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Thursday, January 13, 2011

Superfan Daily: Millrose Reversing Downward Trend

Over the last couple of decades, and especially the last few years, the Millrose Games have been declining in lots of ways.  A meet that used to sell out Madison Square Garden's 18,000 seats hasn't had an attendance of 12,000 in many years.  And while it no longer maintains an important place in the domestic sports year because track in general is not important, even within track circles it just isn't that big a deal anymore.

There are many reasons for this, but one big reason is that there's not as much to see these days.  The meet has far fewer competitions.  In 1983, for example, Millrose had the following men's races:
*60 yards (plus qualifying heats), 400 meters, 500 yards, 600 yards, 800 meters, mile, 5000 meters, 60 yard hurdles (plus qualifying heats), 4x440y clubs, 4x440y colleges, 4x880y
Last year we were down to these races:
*60 meters (final only), 600 yards, 800 meters, mile, 60 meter hurdles (final only), 4x400, 4x800

If you consider heats as races (and I don't see why you wouldn't), the men's slate of events is less than half of what it used to be.  Between 1983 and 2010 the women's competition has expanded, but not by all that much, and certainly not by the amount that the men's program has been cut. 

Consider this: domestic TV coverage of track is notable for its ability to waste time and avoid showing real competition, but over the last few years ESPN has shown us all the pro races at Millrose and still run out of things to fill air time.  They've gone to including the high school boys' and girls' mile races because there's not enough pro and collegiate level content for a two-hour broadcast.

One thing that has really disappeared from the scene is the long races.  Millrose hasn't had a men's race longer than a mile since 2003, when it had a 3000 meters.  Back in the 80s, though, they had a 5000--yeah, 34+ laps of that tiny track.  Cutting out one long race is a big deal in terms of content, not only because it takes a lot of time but because it allows attention to go to field events during the race's early stages.

A large part of why these longer races disappeared is because of an inability to bring in the top talent.  European meets have gained in strength while the US circuit has all but completely disappeared.  NCAA rules changes have discouraged the top collegians from competing in the elite races.  And, most of all, US runners haven't been competitive.  A meet promoter doesn't think much of a thirteen-minute race between what he percieves the public sees as a bunch of nameless, faceless foreigners, but the 1981 battle between Suleiman Nyambui and Alberto Salazar most certainly was good entertainment.  The difference is that it was close and a well-known American was in the hunt.

Fortunately, things at Millrose appear to be taking a turn for the better under the new management of the Armory Foundation.  A Jamaica-USA challenge in the sprints has inked most of the best stars from each country who compete indoors.  A three-event multi competition has brought in all of the best American decathletes.  Bernard Lagat will likely have a tough race on his hands in the Wanamaker Mile as he goes up against the defending world indoor champion.

And, in what I think is the most meaningful new direction, on Tuesday it was announced that the meet will bring back the two-mile race and it that it will feature Galen Rupp.  The meet is beginning to look somewhat like it used to, and hopefully especially so in terms of attendance and media attention.  It should come as little surprise that the Armory Foundation has hired Tom Jordan to direct the meet.  This is the man who took the Prefontaine Classic from just another west-cost meet to one of the very best in the world.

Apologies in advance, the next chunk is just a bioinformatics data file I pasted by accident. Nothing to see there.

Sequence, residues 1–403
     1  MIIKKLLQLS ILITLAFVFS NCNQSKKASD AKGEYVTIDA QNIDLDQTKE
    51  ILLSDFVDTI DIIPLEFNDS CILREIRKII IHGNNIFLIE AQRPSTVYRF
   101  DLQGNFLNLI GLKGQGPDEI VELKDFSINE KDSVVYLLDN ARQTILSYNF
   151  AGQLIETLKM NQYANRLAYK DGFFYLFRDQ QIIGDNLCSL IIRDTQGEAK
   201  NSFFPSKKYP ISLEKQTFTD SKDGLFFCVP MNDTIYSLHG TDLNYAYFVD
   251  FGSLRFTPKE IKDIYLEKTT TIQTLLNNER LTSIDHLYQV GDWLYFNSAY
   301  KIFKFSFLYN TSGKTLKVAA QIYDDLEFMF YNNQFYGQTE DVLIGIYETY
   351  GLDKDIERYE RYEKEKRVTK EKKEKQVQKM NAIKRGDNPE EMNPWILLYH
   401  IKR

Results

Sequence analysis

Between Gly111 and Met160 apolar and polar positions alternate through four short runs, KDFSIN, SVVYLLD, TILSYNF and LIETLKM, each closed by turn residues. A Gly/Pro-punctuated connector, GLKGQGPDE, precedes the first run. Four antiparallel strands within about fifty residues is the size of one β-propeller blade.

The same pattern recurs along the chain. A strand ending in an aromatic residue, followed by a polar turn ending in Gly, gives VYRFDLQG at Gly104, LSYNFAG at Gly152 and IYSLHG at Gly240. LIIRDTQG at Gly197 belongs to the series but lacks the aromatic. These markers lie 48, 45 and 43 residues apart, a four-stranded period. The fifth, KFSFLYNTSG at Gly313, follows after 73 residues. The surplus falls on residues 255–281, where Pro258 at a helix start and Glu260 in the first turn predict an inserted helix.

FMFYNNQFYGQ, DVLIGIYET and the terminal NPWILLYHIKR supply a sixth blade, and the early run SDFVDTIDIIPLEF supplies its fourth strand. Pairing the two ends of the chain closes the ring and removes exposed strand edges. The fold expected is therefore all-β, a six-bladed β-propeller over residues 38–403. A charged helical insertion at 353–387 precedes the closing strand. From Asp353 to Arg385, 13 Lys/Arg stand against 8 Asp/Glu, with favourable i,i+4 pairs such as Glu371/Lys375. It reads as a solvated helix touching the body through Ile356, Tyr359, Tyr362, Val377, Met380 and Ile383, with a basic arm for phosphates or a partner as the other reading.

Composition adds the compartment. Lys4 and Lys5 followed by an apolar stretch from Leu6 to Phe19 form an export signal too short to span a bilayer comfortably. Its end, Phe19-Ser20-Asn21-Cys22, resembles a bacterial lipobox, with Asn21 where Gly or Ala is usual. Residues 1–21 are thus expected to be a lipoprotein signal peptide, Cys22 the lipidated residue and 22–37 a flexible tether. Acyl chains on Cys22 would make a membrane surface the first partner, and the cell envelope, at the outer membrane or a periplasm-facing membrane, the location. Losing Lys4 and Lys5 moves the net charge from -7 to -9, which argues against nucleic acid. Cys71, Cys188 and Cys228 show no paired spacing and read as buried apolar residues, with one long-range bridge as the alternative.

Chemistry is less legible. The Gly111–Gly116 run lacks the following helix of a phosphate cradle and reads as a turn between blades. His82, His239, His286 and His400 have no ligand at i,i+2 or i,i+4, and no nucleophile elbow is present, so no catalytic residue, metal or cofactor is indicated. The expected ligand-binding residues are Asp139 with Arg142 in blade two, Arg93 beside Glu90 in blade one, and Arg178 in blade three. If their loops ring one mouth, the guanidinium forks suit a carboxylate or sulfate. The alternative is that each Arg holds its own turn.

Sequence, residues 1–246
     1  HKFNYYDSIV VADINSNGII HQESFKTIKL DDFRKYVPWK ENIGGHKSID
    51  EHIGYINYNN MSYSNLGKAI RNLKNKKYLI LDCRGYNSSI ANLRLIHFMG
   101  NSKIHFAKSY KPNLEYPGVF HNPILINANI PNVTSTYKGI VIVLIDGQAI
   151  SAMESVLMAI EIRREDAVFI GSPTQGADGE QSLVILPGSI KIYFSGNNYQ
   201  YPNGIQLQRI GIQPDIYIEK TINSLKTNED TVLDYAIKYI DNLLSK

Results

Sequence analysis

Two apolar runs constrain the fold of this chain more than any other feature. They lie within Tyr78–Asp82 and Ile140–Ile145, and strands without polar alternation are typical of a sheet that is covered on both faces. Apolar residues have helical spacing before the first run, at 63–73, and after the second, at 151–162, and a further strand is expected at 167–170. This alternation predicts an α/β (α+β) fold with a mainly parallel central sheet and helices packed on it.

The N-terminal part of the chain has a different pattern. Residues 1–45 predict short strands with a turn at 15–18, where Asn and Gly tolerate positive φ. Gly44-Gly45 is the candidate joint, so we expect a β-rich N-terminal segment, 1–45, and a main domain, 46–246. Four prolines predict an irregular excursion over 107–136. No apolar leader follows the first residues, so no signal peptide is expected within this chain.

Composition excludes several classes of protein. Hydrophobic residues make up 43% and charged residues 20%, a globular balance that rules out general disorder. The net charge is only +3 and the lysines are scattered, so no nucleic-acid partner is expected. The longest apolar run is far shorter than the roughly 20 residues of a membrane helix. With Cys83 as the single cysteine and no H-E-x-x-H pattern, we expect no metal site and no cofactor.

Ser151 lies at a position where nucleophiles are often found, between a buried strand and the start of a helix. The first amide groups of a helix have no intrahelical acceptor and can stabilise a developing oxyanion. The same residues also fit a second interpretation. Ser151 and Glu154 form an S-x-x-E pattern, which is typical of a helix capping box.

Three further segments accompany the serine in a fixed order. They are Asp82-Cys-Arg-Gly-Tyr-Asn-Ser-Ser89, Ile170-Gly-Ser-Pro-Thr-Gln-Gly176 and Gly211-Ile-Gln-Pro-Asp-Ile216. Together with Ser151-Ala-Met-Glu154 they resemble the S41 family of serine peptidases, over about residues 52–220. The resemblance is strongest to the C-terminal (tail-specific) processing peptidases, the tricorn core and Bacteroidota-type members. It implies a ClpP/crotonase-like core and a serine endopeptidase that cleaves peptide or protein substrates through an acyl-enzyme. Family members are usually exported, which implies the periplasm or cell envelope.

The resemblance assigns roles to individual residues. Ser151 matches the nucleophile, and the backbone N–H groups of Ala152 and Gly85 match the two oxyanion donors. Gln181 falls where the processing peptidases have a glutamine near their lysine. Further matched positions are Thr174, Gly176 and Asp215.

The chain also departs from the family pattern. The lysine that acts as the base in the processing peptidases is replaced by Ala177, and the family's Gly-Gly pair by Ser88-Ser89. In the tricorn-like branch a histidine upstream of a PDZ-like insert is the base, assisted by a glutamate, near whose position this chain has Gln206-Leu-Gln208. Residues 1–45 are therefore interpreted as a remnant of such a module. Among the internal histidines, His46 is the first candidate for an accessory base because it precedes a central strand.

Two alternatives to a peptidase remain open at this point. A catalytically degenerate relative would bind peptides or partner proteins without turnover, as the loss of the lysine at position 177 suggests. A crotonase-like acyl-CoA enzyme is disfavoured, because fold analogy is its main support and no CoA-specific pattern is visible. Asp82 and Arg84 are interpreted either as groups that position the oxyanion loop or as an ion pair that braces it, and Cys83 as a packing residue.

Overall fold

What's On
Rider goes to Monmouth today for a dual meet.

Track on TV
Running, 8:00 PM tonight on Showtime Family Zone

News Links
Runner's World's Racing News has all the headlines.

Let's Run's The Week That Was looks at how to beat the winter blues.

Huge news in the UK: Tottenham Hotspur plans to demolish the Olympic Stadium completely and start over if they win their bid to gain the site.  They are already considered a bit behind as compared to West Ham, the other bidder, and hopefully this puts them further behind.  But it goes to show how much football rules all in Britain, even more so than in the USA.

The IOC sticks by its extended-ban rule which would knock out LaShawn Merritt for 2012, but USADA head Travis Tygart says it has unintended negative consequences, namely that athletes inclined to assist anti-doping authorities might face an especially severe penalty for doing so.

News and notes from the New York Track Writers luncheon.  Apparently there are enough of them in New York to actually have an organization.

Athletics Kenya announces its selection criteria for the World and African Cross Country Championships...sort of.

Usain Bolt will run in Rome's late-May Golden Gala.  Paired with his stop in Oslo just a few weeks later, it's almost certain he will not run in either of the USA stops on the Diamond League, as their dates are similar.

Speaking of Bolt, TrackAlerts gives us an update on construction of his new Kingston sports bar.

Kingston's Gibson Relays were canceled due to track reconstruction at the National Stadium, but the work just might be done in time to still hold the meet.

Matt Gabrielson has dropped out of the USA Half Marathon Championships in favor of the USA Cross Country Championships a week later.  XC always loses out to the roads in the USA, and this is a nice change.

Comebacking Liu Xiang will run two indoor meets in Europe next month.

The USTFCCCA has released the pre-season Bowerman Award men's watch list.

The IAAF runs a profile on Russian high jumper Aleksandr Shustov.

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